Reflections - Blog

TDD & Hexagonal Architecture in front end - a journey

Over the years, we have done our share of UI and front end development. Long long time ago with SmallTalk, Visual Basic and Delphi, building web applications with server side rendering and React, and being involved in Angular projects at several clients. Recently we have been building front ends based on Vue.js. In a series of blog posts, we are going to share how we approach (hexagonal) architecture, test driven development, and incremental design in the front end.

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Stringing words together.

Work has, once again for me, become more personal. I’m getting back into writing. This is a quick, rambling, update, so you can at least get some idea of what we are up to at the moment.

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Delayed dependency. Two steps forward, one step back.

Yesterday I thought I pushed out another iteration of our attempt at making the QWAN website more accessible. Turns out I didn’t. While adjusting details, reading CSS and accessibility documentation and blogposts, I missed the fact that the shiny assets pipeline I added does not actually build on github.

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Situated Software - revisited

I was planning to use my keys left for something different today, but found myself in an associative storm of tweets, possible conference sessions to be proposed and some situated software I’ve been working on for a few years, intermittently.

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An experience in Mass Pairing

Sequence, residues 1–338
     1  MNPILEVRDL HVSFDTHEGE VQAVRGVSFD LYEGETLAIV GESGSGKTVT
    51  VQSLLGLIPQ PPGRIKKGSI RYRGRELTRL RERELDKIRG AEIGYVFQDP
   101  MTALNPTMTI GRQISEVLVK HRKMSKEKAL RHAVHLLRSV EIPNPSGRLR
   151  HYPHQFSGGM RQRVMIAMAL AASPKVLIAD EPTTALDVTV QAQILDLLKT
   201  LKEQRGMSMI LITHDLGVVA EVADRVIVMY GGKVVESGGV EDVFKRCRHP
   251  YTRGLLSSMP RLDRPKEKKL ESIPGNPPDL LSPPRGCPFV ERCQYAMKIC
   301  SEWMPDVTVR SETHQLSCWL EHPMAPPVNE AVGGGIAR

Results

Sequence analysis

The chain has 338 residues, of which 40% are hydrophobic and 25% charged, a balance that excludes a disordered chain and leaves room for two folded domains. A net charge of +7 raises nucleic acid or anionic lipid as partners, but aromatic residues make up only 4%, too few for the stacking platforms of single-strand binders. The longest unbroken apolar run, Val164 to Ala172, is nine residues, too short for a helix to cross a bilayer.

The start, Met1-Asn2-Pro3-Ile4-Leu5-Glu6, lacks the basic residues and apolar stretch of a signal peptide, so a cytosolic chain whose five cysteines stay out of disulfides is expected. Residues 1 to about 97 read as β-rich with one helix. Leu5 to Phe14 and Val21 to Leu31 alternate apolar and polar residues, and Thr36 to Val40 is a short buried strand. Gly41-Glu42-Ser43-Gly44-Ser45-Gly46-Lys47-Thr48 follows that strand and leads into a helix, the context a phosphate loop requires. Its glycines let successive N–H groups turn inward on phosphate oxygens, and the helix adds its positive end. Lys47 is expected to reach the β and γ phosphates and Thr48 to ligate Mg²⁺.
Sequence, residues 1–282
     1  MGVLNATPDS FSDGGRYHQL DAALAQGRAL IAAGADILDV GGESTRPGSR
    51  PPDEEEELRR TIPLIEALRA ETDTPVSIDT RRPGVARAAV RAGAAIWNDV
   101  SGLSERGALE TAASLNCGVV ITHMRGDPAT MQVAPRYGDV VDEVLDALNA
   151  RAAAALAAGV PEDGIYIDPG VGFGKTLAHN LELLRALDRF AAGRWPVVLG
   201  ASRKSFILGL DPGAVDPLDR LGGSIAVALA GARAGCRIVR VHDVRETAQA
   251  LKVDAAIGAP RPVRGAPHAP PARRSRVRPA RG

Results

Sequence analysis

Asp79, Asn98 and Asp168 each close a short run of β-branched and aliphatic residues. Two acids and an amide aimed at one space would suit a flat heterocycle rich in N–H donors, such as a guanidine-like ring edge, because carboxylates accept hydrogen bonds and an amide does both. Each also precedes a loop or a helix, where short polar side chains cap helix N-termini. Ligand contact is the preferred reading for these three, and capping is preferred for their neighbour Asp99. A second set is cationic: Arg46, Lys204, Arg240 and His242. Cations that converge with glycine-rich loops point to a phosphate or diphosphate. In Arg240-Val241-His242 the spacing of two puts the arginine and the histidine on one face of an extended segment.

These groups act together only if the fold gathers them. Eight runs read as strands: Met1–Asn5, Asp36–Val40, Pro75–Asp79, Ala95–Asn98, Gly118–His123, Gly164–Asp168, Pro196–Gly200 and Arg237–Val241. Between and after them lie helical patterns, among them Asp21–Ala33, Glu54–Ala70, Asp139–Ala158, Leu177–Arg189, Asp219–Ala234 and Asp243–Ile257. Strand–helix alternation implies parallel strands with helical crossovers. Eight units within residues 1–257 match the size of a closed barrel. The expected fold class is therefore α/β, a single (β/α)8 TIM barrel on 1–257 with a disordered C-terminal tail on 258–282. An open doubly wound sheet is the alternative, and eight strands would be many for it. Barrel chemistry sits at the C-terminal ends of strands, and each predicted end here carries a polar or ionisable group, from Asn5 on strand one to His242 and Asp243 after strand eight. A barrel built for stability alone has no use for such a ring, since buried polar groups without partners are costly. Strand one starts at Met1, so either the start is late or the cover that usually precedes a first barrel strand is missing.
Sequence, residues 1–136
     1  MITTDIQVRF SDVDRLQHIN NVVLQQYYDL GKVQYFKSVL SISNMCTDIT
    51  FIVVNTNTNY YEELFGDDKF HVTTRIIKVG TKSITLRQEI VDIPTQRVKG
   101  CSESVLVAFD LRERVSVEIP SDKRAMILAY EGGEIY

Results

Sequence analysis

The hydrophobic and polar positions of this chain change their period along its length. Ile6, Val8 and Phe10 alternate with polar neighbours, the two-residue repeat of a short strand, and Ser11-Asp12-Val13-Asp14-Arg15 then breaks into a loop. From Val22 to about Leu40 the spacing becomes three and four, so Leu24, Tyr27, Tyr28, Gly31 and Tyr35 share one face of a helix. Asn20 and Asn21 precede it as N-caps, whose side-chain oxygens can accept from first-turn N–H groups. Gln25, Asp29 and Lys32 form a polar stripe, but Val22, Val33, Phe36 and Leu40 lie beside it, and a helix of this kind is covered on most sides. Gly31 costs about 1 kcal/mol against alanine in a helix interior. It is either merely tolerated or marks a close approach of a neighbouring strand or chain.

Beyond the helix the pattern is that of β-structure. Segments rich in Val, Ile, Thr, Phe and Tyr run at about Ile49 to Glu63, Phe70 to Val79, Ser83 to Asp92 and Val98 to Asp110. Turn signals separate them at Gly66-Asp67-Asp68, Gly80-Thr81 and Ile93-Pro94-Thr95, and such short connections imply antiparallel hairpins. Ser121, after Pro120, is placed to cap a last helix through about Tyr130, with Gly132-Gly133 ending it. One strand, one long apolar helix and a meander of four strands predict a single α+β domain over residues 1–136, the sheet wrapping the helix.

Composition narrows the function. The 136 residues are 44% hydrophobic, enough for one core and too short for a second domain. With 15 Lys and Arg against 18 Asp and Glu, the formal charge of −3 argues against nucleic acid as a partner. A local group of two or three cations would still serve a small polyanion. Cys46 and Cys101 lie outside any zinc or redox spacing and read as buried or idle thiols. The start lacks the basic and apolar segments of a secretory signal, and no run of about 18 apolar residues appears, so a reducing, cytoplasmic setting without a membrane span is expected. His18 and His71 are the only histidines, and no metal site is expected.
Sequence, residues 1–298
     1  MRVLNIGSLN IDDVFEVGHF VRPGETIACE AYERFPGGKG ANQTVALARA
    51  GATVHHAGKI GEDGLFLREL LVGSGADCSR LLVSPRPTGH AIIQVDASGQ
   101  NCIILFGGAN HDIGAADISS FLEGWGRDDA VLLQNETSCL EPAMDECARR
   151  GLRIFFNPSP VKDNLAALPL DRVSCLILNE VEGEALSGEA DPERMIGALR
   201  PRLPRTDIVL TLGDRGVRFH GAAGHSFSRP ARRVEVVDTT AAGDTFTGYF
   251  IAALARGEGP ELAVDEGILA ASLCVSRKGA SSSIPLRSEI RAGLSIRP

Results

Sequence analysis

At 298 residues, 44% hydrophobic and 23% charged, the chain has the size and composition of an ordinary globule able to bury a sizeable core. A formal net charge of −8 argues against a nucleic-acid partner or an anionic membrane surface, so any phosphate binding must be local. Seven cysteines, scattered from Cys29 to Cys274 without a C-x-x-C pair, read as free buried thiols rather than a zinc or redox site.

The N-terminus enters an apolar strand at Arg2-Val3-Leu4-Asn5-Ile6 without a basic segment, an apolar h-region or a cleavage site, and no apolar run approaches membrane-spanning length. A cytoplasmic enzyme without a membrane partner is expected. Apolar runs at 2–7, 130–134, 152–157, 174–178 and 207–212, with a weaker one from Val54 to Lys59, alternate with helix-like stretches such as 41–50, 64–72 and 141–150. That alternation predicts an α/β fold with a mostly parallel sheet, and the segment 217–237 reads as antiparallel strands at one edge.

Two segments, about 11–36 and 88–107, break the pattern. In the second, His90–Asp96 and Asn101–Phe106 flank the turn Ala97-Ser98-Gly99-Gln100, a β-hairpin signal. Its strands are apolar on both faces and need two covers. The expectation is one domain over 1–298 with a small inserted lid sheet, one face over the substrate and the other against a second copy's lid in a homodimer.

A Mass Pairing is a coding dojo that takes over all sessions for a slot during a conference. We’ve found it a great way to introduce participants to each other, and explore an aspect of programming at a conference. We had some pleasant suprrises, and still have some questions.

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FP Days London 2014, November 20 and 21

I’m glad to be part of the organizing cabal behind FP Days London this year. I hope to have some time to go to sessions. I’ve programmed in Clojure, Scala and Haskell this year, and there’s something from all of that on the programme, and it’s cool to be able to find out more about languages I haven’t used in anger yet like F# and Erlang.

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So, how is that lean call for /dev/summer sessions working?

So we are trying a leaner way of creating conference programs . How is it going so far with /dev/summer, the free one day event for developers? We took just two weeks to advertise the program of /dev/summer. Not too bad. We’re not facing a deluge of sessions on one hand, on the other hand, we got some nice sessions coming in, so after tomorrow night we probably can put together a program without turning many sessions away. On the one hand it’s great if you can be selective, on the other hand, it feels wasteful to have people propose and review sessions and then only run half or less of them. On the other, other hand, this also enables us to give feedback fast to the presenters.

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What we seek in a /dev/summer session

I’ve received a few questions as to what we are exactly looking for in /dev/summer talks or sessions. Imagine you are talking to another developer about what you do (can be a tool you use or make, a practice etc.). This developer may or may not have heard about your tool, but has not had the time to explore it in depth, let alone try it out in a real situation.

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